I am sure there are ways to do similar things in an English classroom. While it's important for students to be exposed to great literature and cultures outside their own, to broaden their experience, it'd probably be good if, say, grammar exercises or spelling example sentences or whatever weren't all about cows and farms. :)
posted by Eyebrows McGee at 7:22 PM on February 21, 2010

yay! more please!
posted by toodleydoodley at 8:22 PM on February 21, 2010

Disclaimer: I work on and its sister sites. My coworker is the editor of ColorĂ­n Colorado, and she had the following message for you:

Congratulations on being willing to take some risks and move out of your comfort zone! It's really important for kids to see themselves and their classmates (and people they may not have a chance to meet) represented throughout the curriculum.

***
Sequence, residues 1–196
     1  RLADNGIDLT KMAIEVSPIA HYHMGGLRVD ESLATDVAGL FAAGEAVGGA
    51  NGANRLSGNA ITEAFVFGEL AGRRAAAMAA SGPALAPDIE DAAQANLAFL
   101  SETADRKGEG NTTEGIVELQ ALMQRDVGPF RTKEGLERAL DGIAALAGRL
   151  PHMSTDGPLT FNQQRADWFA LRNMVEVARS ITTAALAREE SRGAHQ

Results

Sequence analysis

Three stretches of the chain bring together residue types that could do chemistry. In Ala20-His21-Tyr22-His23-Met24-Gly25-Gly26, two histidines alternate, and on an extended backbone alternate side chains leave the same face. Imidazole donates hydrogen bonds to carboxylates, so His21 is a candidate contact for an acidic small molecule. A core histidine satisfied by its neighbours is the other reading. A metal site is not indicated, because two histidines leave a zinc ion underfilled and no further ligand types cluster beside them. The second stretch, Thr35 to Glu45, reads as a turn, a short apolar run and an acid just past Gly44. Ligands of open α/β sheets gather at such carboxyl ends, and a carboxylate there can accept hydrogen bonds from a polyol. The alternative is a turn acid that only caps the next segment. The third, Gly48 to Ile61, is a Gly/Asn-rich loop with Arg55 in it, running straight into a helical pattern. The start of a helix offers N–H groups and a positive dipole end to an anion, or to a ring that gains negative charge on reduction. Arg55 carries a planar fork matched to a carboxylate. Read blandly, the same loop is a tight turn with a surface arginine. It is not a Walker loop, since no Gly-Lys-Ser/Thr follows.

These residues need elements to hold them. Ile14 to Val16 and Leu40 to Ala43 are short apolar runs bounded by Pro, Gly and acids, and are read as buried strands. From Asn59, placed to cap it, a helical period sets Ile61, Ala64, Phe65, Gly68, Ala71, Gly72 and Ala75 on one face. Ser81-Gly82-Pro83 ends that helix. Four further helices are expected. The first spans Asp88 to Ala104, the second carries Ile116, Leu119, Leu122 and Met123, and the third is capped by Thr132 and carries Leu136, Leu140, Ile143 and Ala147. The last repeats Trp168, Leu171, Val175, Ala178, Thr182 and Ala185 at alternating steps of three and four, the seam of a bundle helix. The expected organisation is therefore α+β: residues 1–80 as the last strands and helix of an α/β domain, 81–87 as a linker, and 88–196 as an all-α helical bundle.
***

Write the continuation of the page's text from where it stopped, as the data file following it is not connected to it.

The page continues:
In terms of multicultural resources, here are some ideas from Colorin Colorado, a bilingual website for teachers and parents of ELLs:

You will definitely be able to find lots of helpful resources connected to "celebration" months (Hispanic Heritage Month, Black History Month, etc.)

Here are some additional recommended resources:

Finally, you may wish to join and post something about culturally responsive teaching for ELLs on our new social network and see what else is out there! It's a great chance to interact with other teachers who have experience in the field:
posted by sa3z at 2:13 PM on February 22, 2010

you are totally the man. thank you
posted by toodleydoodley at 8:56 PM on February 22, 2010